Right To Repair

Oregon Senate passes Right to Repair Act with bipartisan support

On Tuesday, the Oregon Senate passed Senate Bill 1596 with a vote of 25-5, getting Oregonians one step closer to being able to fix our personal electronics and household appliances.

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We generate too much waste, and companies block access to what we need to fix products like cell phones, tablets and laptops — pushing us to buy upgrades instead of fixing what we have. That contributes to the massive amounts of electronic waste going to landfills.

Senate Bill 1596 would require manufacturers to provide Oregonians and small businesses access to the parts, tools and service information we need to repair personal electronics and household appliances. This would help keep these devices in use for longer, conserving precious natural resources and preventing waste.

On Tuesday, the Oregon Senate passed Right to Repair with a bipartisan vote of 25-5.

“We applaud the Oregon Senate for passing Right to Repair on a broad bipartisan vote,” said Charlie Fisher, state director of OSPIRG. “Right to Repair is pretty simple – we should be able to fix the things we own and keep them going instead of throwing them out. Saving consumers money, bridging the digital divide, and reducing waste are just a few of the common sense reasons why Right to Repair is a bipartisan issue that is broadly supported across Oregon.”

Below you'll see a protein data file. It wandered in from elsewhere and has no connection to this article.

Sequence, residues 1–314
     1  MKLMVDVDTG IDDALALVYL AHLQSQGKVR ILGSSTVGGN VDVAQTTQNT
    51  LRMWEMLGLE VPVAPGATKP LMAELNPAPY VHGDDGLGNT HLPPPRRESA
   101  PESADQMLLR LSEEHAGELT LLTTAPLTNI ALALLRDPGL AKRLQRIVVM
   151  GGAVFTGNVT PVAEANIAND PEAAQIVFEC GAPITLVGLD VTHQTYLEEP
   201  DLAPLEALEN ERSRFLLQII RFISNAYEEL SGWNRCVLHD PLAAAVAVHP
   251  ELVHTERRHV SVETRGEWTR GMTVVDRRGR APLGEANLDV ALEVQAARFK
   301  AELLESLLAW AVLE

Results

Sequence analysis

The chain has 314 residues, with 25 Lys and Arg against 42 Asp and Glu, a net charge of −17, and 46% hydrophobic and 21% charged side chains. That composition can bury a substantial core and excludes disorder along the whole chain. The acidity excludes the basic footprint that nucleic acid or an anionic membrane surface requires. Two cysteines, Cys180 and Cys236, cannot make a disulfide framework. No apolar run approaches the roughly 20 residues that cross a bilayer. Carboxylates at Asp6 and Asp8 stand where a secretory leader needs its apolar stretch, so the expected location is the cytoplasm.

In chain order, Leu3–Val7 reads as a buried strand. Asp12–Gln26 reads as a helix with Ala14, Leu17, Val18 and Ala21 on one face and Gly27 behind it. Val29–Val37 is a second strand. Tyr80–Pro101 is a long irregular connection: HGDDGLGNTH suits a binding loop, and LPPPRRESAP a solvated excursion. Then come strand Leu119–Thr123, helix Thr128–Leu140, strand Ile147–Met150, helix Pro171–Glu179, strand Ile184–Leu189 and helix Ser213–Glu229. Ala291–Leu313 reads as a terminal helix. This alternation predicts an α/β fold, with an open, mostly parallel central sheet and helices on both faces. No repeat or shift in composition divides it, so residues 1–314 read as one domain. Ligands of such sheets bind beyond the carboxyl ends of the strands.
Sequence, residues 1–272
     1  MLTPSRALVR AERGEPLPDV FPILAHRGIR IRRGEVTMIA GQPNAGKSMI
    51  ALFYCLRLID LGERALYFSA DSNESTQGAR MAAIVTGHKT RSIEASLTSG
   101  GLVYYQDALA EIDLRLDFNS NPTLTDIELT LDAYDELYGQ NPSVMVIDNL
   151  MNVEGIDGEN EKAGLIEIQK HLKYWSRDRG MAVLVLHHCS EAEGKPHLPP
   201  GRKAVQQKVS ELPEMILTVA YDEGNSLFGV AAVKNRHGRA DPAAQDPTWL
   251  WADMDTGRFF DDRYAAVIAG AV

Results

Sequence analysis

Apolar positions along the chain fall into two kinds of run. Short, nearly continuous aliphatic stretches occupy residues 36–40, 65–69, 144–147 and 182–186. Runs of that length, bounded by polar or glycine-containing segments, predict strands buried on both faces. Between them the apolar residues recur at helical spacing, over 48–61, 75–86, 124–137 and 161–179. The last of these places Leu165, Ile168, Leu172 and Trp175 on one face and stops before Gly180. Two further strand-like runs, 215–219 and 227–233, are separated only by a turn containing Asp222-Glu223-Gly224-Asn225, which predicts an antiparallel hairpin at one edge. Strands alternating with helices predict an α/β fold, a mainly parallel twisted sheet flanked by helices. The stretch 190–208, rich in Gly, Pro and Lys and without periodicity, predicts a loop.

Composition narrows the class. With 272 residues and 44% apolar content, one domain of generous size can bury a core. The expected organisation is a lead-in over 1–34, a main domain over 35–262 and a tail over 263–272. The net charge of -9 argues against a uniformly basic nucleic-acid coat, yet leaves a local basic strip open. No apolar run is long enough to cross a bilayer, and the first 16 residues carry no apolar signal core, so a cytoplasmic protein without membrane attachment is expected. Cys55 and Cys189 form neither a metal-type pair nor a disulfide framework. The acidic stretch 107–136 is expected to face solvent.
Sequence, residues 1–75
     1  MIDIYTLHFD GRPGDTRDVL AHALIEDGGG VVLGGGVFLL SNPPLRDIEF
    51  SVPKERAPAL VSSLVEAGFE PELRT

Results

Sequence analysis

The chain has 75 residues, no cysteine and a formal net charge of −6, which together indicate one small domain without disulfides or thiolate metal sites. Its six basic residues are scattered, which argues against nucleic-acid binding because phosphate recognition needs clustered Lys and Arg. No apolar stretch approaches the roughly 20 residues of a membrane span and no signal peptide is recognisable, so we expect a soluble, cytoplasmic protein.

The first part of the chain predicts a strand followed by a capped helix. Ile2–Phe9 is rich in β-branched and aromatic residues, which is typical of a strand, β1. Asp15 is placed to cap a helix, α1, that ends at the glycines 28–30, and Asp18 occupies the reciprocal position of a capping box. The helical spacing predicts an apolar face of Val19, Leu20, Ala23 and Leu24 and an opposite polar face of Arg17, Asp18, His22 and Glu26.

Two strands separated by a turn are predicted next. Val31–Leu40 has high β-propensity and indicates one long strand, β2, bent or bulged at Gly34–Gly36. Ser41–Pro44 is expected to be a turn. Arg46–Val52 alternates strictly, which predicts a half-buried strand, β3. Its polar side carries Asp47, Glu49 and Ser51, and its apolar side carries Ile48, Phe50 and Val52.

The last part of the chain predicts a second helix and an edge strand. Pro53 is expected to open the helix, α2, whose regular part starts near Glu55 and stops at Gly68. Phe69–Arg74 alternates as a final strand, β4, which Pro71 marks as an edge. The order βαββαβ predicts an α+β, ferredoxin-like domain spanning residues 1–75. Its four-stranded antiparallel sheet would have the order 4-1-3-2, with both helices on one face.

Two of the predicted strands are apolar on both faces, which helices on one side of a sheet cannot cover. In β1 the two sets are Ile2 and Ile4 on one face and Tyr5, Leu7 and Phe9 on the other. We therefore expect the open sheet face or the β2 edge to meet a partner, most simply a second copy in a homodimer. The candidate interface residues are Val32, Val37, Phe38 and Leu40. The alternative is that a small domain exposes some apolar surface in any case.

“Oregon has a proud history of passing forward thinking policies that help Oregonians steward and respect the resources that go into making the products we use everyday,” said Celeste Meiffren-Swango, state director of Environment Oregon. “The Oregon Senate just voted to build on that legacy by passing the Right to Repair Act. We look forward to the Oregon House getting this bill across the finish line and to Governor Kotek’s desk.”

Senate Bill 1596 is now heading to the Oregon House for consideration.

Tell the FTC: Stand up for Right to Repair

Right to repair

Tell the FTC: Stand up for Right to Repair

It's harder than it should be to fix our stuff. Manufacturers of every electronic product from toasters to tractors create barriers that stymie repair from owners or independent repair businesses. It's fueling a rise in electronic waste, the loss of independent repair businesses -- and ultimately more cost and more waste for consumers.

FTC: I support Right to Repair

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